Nadezhda Khodasevitch Leger
Nadezhda Khodasevitch Leger was a Russian muse, student and wife of French artist Fernand Leger. Very often talented, successful women are forced to remain in the shadow of the great men. Despite the fact that Nadezhda dedicated her life to the work of her beloved husband, she remained as an independent personality in history who was appreciated by her contemporaries.
Talented girl was born on October 4, 1904 in the village near Vitebsk. Her family was large and poor. They had to wander from one village to another because of the First World War. Since the early childhood she had a passion for painting. At the age of 15 the girl left home and entered the state artist workshop in Smolensk. There she had a chance to meet Russian artist Kazimir Malevich.
Later Nadezhda was in Warsaw, where she entered the Warsaw Academy of Fine Arts. The girl lived in a convent orphanage. At the Academy Nadia met artist Stanislaw Grabowski, the son of a wealthy Polish official. Stanislaw and Nadia got married despite the protests of the groom’s parents. The young couple decided to continue their studies in Paris.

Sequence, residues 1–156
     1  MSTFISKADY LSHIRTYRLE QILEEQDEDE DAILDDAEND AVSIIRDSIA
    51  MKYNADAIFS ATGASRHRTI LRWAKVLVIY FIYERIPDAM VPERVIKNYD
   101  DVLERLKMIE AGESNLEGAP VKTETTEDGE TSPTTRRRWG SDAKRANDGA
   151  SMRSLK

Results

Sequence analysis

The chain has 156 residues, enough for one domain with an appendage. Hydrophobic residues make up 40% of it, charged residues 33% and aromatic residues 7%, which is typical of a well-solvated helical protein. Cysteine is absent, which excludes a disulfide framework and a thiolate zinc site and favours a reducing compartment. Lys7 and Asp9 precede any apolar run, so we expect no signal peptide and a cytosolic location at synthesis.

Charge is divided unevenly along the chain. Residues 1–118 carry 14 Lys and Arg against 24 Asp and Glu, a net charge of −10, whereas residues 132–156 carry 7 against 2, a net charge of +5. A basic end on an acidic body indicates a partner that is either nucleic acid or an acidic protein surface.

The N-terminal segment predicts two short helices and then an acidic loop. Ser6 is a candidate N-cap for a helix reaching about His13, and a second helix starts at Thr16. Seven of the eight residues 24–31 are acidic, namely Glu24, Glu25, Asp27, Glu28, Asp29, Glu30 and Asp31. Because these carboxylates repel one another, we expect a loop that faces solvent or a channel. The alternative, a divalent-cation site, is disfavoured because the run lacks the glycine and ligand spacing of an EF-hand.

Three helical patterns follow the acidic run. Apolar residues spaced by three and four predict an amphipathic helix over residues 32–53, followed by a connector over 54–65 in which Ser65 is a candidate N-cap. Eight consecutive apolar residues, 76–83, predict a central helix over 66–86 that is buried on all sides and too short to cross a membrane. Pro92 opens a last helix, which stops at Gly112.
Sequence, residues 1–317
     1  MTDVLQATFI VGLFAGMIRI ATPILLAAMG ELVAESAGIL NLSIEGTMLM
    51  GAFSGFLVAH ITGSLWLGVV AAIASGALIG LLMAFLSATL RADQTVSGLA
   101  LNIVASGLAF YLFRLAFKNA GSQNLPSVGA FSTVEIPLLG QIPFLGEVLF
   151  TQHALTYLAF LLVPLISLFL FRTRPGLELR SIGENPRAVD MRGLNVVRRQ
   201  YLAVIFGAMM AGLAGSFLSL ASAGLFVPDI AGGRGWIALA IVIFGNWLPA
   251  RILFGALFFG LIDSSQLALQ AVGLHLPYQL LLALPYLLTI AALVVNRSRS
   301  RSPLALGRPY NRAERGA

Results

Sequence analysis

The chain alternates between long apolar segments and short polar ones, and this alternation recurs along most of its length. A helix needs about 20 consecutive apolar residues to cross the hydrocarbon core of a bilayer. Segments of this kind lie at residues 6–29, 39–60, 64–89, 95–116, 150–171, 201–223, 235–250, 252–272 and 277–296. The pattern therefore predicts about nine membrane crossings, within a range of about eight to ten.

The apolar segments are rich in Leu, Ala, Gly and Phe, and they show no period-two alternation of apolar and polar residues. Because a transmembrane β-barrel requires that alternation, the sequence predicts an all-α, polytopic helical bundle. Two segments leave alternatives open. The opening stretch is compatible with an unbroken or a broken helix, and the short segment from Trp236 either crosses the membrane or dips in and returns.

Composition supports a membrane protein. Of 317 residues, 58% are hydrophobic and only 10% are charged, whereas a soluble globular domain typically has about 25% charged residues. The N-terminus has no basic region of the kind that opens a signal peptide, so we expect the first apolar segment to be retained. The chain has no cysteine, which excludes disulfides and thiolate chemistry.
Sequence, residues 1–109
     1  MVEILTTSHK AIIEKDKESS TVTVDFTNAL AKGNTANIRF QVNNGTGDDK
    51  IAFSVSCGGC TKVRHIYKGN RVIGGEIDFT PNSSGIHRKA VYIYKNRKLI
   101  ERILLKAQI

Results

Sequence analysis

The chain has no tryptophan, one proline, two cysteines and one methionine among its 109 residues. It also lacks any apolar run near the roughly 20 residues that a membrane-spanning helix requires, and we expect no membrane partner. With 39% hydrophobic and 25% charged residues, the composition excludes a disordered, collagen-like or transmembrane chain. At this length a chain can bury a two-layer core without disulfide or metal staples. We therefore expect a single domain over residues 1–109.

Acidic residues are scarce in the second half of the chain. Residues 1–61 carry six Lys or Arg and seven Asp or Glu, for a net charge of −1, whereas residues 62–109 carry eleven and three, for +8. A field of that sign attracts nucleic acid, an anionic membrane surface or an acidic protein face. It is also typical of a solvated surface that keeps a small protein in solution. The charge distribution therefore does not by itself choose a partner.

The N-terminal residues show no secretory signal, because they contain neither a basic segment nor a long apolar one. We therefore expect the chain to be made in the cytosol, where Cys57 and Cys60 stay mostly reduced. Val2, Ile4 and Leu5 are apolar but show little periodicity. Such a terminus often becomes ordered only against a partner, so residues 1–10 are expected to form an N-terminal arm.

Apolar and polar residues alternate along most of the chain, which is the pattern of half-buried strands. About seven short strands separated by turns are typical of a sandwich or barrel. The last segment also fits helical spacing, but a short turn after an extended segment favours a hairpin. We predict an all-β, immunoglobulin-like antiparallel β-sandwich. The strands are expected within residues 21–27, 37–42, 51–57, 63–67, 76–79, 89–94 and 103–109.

In 1924 Nadia graduated from the Academy of Contemporary Art, headed by Fernand Leger.
In 1927, shortly after the birth of their daughter, Wanda, the young couple broke up. Stanislaw returned to Warsaw, and Nadia stayed with her daughter in Paris. In the morning she cleaned the rooms, during the day she studied at the Leger’s Academy, and in the evenings she helped Fernand in his work.
At the beginning of World War II, Nadia joined the resistance movement. And in 1944 she joined the Union of Soviet patriots.
On February 21, 1952 Nadezhda married Fernand Leger, French cubist-surrealist painter, architect and filmmaker. He was 20 years older than his wife. However, their happiness was short. In 1955 Ferdinand died.
Nadezhda created the Leger museum which became the National Museum of France. The museum also contained the art work by Nadia Leger: mosaic portraits of celebrities: Peter Tchaikovsky, Leo Tolstoy, Nadezhda Krupskaya, Vladimir Mayakovsky, Maya Plisetskaya. She continued to work, participated in public movements and political committees, but spent most of her time organizing exhibitions and traveling to Russia.
Nadia Khodasevitch Leger died on November 7, 1982 and was buried in France.